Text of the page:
How to Become a Health Care Administrator

Health care administrators, also called health care executives or medical and health services managers, are the individuals who plan, direct, and coordinate medical and health services. These administrators may manage an entire health care facility, a medical practice for a group of physicians, or specialize in managing a specific clinical department. A health care administrator's title often depends on the facility or area of expertise in which they work. Some examples of some facility or area specific titles are: nursing home administrator, health information manager, or clinical manager.

Health care administration program requirements and prerequisites

Education requirements for a health care administrator vary by facility, but 52 percent of health care administrators have a bachelor's degree before entering the field, according to the U.S. Department of Labor's O*Net Online. Individuals interested in how to become a health care administrator can pursue a bachelor's in health care administration. It is not uncommon for health care administration positions to require post graduate degrees, with 31 percent of administrators holding a master's degree and 10 percent holding a post-baccalaureate degree of some kind.

Where the career path to a health care administrator position begins depends upon the size of the facility offering the position and the experience of the job applicant. In large hospitals, graduates of a health care administration program may begin as administrative assistants or assistant department heads, whereas in smaller facilities they may begin as department heads or assistant administrators. Experienced health care administrators may become consultants or professors of health care management.

Necessary skills and qualifications for health care administrators

Most states require the administrators of nursing care facilities to be licensed, though requirements vary by state. Most other areas of medical and health services management do not require licensing or certification, though certification is available in many areas of practice. The Professional Association of Health Care Office Management has certification in health information or medical management, and the American College of Health Care Administrators offers health care administration certifications for home and assisted living administrators. Some facilities require health care administrators to have experience in specific health care occupations. For example, nursing services administrators are usually registered nurses with administrative experience and graduate degrees in nursing or health care administration. The U.S. Department of Labor's O*Net Online and the Bureau of Labor Statistics (BLS.gov) report that health care administrators need a variety of skills, including:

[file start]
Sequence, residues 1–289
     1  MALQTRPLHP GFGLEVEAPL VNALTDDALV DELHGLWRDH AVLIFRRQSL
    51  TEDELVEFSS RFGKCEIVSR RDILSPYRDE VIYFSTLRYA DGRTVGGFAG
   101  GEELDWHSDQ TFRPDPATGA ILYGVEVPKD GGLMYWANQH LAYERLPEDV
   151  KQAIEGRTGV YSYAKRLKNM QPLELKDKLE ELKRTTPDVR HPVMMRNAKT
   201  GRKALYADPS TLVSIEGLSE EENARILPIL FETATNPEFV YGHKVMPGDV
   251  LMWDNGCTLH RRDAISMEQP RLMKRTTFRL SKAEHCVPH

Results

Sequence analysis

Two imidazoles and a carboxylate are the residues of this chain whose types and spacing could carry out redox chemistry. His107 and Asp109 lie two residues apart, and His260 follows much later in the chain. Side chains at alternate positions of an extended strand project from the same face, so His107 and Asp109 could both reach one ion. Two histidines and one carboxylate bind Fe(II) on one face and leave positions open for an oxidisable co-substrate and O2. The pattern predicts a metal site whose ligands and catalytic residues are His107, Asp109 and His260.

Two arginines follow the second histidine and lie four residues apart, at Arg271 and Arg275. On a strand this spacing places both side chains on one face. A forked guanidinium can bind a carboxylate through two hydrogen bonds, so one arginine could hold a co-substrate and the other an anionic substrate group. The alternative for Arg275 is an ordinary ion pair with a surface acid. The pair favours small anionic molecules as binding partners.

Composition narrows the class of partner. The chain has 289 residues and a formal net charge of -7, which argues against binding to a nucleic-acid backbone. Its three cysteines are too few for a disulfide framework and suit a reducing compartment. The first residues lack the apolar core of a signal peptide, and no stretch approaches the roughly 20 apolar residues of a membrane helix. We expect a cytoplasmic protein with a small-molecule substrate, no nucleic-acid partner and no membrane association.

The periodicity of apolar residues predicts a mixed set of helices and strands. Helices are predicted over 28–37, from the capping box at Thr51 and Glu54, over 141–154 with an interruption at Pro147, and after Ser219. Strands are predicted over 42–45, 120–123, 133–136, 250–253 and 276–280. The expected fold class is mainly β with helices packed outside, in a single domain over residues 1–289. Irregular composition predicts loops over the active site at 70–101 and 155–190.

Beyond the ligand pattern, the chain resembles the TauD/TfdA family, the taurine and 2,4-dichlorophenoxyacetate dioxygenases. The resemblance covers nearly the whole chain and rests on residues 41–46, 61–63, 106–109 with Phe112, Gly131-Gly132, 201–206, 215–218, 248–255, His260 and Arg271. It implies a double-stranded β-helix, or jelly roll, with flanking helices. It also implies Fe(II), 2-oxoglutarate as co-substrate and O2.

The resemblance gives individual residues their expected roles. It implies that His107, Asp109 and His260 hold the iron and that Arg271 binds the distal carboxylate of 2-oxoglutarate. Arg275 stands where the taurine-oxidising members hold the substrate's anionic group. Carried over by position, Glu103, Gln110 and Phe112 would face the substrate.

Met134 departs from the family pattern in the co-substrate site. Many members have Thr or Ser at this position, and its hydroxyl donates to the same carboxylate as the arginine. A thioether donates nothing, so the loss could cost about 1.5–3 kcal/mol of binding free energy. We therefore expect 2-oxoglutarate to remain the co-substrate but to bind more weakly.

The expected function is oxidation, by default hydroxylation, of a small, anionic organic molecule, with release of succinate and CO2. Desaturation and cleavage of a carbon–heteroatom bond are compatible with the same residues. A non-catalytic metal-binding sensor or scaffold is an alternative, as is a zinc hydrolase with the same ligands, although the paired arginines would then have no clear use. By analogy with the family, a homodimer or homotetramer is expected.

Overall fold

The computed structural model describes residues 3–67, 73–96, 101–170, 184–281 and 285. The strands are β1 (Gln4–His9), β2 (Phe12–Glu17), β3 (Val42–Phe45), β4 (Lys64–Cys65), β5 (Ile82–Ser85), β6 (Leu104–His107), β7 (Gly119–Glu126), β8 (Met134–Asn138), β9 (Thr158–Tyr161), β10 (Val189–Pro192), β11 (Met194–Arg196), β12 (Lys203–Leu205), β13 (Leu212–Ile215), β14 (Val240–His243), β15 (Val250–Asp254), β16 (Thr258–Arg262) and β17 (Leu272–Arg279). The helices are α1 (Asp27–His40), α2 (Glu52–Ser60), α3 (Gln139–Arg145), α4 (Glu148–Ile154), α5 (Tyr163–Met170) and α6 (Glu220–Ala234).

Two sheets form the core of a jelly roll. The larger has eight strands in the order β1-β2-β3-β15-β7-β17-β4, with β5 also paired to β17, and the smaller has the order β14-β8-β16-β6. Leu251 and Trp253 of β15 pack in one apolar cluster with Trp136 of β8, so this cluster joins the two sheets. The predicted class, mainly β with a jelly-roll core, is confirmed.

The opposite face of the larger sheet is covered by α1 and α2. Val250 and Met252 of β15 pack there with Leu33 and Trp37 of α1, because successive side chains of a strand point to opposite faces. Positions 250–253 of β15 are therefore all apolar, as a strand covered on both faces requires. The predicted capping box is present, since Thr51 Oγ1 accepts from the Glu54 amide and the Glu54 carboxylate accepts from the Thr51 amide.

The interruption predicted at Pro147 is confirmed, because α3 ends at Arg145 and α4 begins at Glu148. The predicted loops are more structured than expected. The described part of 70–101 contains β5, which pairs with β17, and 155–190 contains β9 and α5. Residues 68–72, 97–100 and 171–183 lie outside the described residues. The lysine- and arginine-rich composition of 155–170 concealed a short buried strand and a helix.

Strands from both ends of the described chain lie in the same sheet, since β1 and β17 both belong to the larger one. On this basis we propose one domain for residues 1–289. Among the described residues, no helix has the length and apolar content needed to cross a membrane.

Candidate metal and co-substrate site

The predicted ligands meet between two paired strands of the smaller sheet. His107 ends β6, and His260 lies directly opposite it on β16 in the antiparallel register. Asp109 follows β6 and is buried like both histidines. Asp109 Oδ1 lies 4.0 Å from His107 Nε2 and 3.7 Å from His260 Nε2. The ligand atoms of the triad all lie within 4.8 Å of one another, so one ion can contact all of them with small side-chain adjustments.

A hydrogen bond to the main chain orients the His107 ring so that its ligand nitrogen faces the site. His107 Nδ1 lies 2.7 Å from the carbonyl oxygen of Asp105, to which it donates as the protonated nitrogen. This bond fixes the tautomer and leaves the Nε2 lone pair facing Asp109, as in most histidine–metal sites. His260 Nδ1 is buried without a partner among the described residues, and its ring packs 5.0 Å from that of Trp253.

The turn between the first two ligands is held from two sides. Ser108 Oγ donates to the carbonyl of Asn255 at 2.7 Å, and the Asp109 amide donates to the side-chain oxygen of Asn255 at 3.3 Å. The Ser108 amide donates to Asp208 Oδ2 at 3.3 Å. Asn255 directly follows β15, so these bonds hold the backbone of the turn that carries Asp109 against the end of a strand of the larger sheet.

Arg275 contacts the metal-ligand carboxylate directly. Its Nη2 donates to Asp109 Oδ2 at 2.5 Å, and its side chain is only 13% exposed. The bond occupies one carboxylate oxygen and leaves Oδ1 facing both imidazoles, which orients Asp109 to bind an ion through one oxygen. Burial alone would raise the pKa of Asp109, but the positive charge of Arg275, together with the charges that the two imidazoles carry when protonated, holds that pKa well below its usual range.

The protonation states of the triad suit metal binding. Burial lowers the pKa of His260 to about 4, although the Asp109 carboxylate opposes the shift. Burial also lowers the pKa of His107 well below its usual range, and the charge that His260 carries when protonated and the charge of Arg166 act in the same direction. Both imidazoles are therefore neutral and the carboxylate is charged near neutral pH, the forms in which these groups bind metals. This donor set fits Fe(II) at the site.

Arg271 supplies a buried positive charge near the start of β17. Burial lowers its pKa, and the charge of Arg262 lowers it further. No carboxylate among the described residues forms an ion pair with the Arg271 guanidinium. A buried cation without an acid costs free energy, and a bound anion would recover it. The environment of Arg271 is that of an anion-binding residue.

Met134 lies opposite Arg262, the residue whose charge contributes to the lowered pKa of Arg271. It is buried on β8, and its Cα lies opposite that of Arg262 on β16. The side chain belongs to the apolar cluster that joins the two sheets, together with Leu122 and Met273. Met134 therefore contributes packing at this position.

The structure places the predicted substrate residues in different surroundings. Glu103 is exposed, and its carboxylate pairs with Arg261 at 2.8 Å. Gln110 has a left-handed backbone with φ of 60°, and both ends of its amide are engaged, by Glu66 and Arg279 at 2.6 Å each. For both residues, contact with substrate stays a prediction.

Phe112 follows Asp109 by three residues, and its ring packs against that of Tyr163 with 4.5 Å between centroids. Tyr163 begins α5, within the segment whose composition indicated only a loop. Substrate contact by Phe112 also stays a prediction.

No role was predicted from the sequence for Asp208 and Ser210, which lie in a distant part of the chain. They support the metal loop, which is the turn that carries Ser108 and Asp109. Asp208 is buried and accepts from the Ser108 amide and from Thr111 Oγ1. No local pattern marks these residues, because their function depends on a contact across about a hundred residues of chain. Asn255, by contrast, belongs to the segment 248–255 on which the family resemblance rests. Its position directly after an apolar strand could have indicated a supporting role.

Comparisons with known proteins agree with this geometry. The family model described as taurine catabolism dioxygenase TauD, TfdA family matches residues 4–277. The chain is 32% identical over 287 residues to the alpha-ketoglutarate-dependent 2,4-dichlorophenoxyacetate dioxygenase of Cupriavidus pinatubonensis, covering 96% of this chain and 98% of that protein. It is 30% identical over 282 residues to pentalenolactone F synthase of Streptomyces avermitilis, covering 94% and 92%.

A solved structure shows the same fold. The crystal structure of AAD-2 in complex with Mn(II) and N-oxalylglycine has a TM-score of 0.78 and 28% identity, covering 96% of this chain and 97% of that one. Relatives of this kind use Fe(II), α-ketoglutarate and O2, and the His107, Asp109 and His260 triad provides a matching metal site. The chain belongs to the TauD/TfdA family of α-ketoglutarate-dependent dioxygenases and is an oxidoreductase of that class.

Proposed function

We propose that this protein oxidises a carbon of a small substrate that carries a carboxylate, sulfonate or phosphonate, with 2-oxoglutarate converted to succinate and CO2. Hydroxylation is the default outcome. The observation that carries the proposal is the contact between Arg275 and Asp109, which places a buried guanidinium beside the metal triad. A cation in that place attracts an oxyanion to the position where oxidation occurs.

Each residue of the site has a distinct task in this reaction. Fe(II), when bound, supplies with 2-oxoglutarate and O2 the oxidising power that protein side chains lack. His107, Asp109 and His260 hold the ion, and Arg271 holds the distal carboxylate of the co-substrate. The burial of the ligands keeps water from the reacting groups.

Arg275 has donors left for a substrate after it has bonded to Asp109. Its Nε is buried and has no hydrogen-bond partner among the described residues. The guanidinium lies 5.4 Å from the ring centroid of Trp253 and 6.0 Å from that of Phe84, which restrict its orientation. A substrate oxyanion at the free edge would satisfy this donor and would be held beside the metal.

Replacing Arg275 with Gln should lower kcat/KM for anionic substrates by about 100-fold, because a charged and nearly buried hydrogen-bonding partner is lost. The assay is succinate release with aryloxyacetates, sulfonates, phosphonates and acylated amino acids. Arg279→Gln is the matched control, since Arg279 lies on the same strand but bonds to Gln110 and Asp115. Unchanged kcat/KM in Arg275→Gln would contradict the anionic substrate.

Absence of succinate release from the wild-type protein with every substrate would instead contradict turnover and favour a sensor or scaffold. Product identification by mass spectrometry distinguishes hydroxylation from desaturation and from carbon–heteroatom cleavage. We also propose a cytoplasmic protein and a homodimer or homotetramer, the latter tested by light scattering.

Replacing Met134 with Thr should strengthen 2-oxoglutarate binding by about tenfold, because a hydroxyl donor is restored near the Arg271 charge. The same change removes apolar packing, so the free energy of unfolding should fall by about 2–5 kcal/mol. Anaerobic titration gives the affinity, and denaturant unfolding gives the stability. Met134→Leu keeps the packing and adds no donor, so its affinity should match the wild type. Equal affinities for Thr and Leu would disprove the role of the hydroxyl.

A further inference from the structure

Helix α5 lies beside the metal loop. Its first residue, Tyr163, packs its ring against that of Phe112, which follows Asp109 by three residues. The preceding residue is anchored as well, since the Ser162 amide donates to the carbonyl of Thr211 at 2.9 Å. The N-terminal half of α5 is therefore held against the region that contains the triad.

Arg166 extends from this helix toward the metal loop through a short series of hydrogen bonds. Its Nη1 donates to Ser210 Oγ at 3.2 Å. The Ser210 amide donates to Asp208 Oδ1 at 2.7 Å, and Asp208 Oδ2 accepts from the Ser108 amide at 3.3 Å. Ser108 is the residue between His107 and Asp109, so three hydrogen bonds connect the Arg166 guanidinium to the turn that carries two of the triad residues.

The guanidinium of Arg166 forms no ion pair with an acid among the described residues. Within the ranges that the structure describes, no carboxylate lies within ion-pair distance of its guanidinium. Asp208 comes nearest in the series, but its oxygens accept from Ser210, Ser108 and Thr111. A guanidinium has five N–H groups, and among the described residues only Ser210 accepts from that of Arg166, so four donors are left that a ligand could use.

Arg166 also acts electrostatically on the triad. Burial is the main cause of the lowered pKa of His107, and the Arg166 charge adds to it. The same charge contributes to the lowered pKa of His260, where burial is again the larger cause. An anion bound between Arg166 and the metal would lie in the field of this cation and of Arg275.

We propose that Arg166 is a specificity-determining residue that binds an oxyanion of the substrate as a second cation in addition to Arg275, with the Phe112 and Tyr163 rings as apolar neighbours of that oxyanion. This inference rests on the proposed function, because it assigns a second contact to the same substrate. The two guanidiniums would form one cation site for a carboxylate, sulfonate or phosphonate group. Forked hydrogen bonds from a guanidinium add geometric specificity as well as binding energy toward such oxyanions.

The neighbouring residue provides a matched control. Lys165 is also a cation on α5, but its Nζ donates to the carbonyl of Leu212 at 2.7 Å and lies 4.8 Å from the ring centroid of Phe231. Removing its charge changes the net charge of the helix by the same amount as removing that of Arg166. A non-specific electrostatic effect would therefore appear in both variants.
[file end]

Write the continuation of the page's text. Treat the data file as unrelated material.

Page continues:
• Analytical skills
  • Communication skills
  • Management of personnel resources
  • Social perceptiveness
  • Active listening
  • Interpersonal skills
  • Problem solving skills
  • Technical skills
  • Judgment and decision making skills

Health care administrators need to organize staffing and find creative solutions to staff and patient related problems, requiring them to be detail-oriented individuals with the skills to communicate and manage others. Some background in personnel and human resources and customer service is helpful for a health care administrator since they are responsible for interacting with both staff and patients.

Working environment for health care administrators

The responsibilities of a health care administrator are many as they work to organize the day-to-day functions across their facility or department, and require a full time commitment. In group medical practices managers work closely with physicians and surgeons, registered nurses, and medical and clinical laboratory technologists and technicians. O*Net lists the following tasks as part of a health care administrator's role:

  • Planning work schedules for staff
  • Fiscal operations
  • Recruitment
  • Reviewing and analyzing facility activities
  • Personnel responsibilities
  • Planning and implementing programs and services
  • Developing and maintaining computerized record management systems

39 percent of health care administrators work in offices in health care facilities, including hospitals, nursing homes, and group medical practices run by the state, locally, or privately. The BLS projected employment of health care administrators to grow 23 percent from 2012 to 2022, with the position being in greater demand as members of the Baby Boomer generation age, and as medical group practices become larger and more complex.

Sources:

Medical and Health Services Managers, Bureau of Labor Statistics, Occupational Outlook Handbook, 2014http://www.bls.gov/ooh/management/medical-and-health-services-managers.htm#tab-1

Medical and Health Service Managers, The US Department of Labor O*Net, Summary Report, 2014 http://www.onetonline.org/link/summary/11-9111.00

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